A Second Look at the Game Life is Strange

It’s hard to believe that the first episode of Life is Strange came out over a year ago, but here we are. Dontnod Entertainment and Square Enix did a fantastic job of designing a realistic world in the Pacific Northwest with a cast of memorable (if somewhat tragic) characters. After the final episode came out last October, I didn’t have the heart to play the game again. But in March of this year, I did just that and it was an amazing trip seeing the entire story in one go.

Here are a few things that I’ve learned since I played through the entire game again (and be warned that, if you haven’t played any of the 5 episodes yet, there will be spoilers).

1) The Prescott family threats and Native American mythology clues are red herrings.

Copyright © 2015 by Square Enix
Copyright © 2015 by Square Enix

Back when the game first came out over the course of several months, fan speculation about the many mysteries of the plot ran rampant. I had an idea in my head that Max’s powers were the manifestation of some elemental spirit in Arcadia Bay, designed to combat the corrupting influence of the Prescotts who ruled her town and her school. And the game itself had tons of Native American symbols scattered throughout, from the Tobanga statue to quotes from a Hopi prophecy, that I figured there was some tribal influence on the course of Max’s destiny.

But no, none of that actually matters. I won’t say the game is terrible without that layer of meaning, but at the time, I felt robbed for not seeing it come to fruition. Still, replaying LiS has helped me see how personal the conflict really is, with Chloe and Nathan acting as proxies for Max and her true antagonist.

2) Chloe is, in some ways, the real hero of the story.

Copyright © 2015 by Square Enix
Copyright © 2015 by Square Enix

Perhaps it’d be better to say that Max and Chloe are co-heroes of this game. Max is our hero protagonist, who jump-starts the adventure across time and space, but Chloe has her own journey. When we first meet her, she’s a self-centered and impulsive punk rock girl who can’t seem to stop getting into trouble. But as the game progresses, her character arc does, too. Chloe learns to follow Max’s lead even while Max becomes more outspoken herself. And by the end, it’s Chloe who gives Max the final chance to fix everything, even if it means letting the storm annihilate the town and riding off into the sunset together. Without Chloe, Max would be caught in some never-ending loop of isolation and nothing would change.

3) Warren is not a total creep.

Copyright © 2015 by Square Enix
Copyright © 2015 by Square Enix

Warren is not my least favorite character in the game, but he’s close. However, that’s only because it was hard for me to reconcile his two natures. As a science geek and a guy who’s not afraid to take a few punches, Warren Graham’s a solid dude who can be helpful to Max and Chloe at the perfect time. But being male myself, I can recognize a lot of “nice guy” antics in Warren’s behavior (hell, I was even that way toward a few people myself when I was his age), and it’s not what I’d call romantic.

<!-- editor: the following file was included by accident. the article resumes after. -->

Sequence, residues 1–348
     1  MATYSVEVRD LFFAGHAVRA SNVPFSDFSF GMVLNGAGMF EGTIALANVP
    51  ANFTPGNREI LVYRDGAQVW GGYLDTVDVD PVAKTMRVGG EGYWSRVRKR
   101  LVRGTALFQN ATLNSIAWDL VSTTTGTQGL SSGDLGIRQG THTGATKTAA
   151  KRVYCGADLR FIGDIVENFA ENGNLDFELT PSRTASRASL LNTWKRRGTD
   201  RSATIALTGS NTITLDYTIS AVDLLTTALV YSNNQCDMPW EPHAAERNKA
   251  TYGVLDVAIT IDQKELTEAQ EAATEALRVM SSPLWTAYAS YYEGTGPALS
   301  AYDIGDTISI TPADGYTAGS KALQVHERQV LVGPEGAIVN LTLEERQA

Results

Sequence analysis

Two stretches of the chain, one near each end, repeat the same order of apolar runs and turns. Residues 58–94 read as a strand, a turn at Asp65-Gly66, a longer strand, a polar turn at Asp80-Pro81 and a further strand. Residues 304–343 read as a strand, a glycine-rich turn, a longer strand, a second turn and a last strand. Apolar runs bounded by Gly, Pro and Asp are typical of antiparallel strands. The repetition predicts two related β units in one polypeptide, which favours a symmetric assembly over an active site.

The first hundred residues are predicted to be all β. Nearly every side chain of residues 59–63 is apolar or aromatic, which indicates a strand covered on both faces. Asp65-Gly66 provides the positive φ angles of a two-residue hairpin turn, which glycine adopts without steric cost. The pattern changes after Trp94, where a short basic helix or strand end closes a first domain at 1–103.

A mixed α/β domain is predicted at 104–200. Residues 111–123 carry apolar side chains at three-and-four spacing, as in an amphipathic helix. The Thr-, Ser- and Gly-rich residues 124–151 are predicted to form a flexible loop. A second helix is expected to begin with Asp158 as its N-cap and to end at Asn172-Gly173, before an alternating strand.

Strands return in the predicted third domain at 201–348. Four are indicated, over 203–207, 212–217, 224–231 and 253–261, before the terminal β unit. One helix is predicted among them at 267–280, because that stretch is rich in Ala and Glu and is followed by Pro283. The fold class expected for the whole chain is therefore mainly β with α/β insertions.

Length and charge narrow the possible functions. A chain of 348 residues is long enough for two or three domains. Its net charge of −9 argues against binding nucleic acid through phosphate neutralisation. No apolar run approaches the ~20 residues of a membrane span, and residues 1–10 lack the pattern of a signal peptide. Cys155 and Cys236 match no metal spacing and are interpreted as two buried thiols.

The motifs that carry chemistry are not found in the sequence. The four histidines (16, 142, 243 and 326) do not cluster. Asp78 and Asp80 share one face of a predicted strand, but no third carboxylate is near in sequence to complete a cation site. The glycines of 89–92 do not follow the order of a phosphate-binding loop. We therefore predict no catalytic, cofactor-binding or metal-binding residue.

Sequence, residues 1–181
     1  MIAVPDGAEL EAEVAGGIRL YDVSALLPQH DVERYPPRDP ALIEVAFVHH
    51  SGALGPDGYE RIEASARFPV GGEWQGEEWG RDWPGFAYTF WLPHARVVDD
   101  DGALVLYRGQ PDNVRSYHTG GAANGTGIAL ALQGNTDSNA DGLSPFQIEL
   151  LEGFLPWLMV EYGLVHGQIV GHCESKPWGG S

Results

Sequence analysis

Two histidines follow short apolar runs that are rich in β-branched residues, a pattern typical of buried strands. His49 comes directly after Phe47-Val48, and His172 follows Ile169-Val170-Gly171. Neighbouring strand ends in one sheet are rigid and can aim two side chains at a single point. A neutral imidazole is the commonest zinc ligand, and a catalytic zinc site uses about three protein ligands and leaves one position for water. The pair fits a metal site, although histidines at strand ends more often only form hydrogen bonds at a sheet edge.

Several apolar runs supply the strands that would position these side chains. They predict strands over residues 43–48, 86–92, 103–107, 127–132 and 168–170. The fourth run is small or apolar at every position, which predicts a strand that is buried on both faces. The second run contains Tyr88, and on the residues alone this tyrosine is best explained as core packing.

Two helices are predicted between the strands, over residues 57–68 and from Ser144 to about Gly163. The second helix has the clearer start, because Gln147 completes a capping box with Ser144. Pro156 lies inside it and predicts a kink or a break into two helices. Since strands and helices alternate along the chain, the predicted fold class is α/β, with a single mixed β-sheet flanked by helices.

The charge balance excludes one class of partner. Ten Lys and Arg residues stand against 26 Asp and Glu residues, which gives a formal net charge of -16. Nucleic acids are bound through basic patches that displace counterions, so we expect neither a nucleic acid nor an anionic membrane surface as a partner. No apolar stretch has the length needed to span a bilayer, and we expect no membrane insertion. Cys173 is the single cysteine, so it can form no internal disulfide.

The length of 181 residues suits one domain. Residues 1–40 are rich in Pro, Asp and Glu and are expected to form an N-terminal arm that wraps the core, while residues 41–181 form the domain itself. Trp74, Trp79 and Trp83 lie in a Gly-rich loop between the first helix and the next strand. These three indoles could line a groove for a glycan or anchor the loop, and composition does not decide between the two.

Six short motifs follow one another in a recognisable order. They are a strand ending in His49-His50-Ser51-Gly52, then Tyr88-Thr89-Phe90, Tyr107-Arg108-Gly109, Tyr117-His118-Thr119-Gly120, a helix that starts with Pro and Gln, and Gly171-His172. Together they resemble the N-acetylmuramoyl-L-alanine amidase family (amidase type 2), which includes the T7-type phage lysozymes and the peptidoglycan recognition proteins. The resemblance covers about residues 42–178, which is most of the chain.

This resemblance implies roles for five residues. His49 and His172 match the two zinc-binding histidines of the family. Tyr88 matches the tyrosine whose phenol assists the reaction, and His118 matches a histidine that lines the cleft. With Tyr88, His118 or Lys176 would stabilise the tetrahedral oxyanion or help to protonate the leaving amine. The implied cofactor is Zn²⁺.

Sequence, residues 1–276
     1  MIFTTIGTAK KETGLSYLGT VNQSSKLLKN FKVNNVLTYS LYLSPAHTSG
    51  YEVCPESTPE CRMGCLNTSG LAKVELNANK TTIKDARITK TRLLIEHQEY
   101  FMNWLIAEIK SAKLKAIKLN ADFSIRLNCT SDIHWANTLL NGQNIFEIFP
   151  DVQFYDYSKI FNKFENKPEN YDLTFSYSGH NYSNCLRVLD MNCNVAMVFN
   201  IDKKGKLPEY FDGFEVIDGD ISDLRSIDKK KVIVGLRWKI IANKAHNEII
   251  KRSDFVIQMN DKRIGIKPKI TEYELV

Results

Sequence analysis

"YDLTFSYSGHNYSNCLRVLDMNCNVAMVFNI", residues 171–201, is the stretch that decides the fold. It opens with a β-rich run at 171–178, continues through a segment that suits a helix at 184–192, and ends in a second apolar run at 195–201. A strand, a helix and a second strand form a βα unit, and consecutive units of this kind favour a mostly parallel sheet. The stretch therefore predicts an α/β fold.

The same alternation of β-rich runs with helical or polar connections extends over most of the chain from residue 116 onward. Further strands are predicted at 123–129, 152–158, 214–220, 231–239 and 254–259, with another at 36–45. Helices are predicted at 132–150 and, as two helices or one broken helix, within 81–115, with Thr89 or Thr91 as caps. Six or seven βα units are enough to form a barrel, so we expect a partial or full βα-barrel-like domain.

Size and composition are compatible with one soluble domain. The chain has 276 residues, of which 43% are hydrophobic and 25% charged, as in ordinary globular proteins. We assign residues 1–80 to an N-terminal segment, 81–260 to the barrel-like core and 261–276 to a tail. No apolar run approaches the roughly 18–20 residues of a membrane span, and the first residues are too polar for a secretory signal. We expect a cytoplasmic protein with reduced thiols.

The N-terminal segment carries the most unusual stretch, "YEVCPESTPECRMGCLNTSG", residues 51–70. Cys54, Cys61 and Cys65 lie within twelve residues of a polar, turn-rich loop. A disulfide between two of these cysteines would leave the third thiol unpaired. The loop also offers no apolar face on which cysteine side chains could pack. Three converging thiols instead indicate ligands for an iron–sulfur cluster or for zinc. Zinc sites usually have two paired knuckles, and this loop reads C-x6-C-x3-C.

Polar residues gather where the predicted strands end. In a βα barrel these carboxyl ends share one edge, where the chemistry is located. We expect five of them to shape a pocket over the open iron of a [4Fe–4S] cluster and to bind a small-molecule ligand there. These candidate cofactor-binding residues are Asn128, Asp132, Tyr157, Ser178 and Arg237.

Chloe, at least, manages to grow and becomes a better ally to Max, but Warren loses sympathy points for me when he pursues Max early on and yet so completely ignores Brooke’s interest in him. He’s useful to the plot, but he’s not so harmless as a friend that I’d consider pairing him with Max.

4) The “Sacrifice Chloe” ending isn’t as horrible an option as it seems.

Copyright © 2015 by Square Enix
Copyright © 2015 by Square Enix

Like many players who learned to love Chloe, I felt Max’s anguish over having to choose between sacrificing her best friend (and possible love interest) and the entire town. It didn’t help that when I played the final episode last October, my mother had passed away a few weeks earlier after a sudden illness. As you can imagine, I was very emotionally raw when I watched through the first ending and so, of course, the “Sacrifice Arcadia Bay” ending was more satisfying to me.

But after seeing how this game plays through, I can say that it’s not so hopeless when you choose to let Chloe go. Because like my mother, Chloe was ready to accept her fate and go peacefully, full of love for the people that were in her life. And like me, Max had the chance to say goodbye after spending time with her. As the butterfly at the coffin proves, Chloe’s death doesn’t mean she’s gone forever. It means she lives on in spirit, no longer bound to a world of suffering and free to stay with Max wherever she goes. By accepting this loss, Max not only wins justice for people like Kate and Rachel, but she also leaves behind her anxious, isolated past self for a more mature path with friends and family. She can become the person that her best friend always knew her to be.

Whether you like or hate the ending to Life is Strange, you have to admit that it can be a powerful act of storytelling. I consider it one of my Top 5 Favorite Video Games and I can’t wait to enjoy other games that offer this same style of play.


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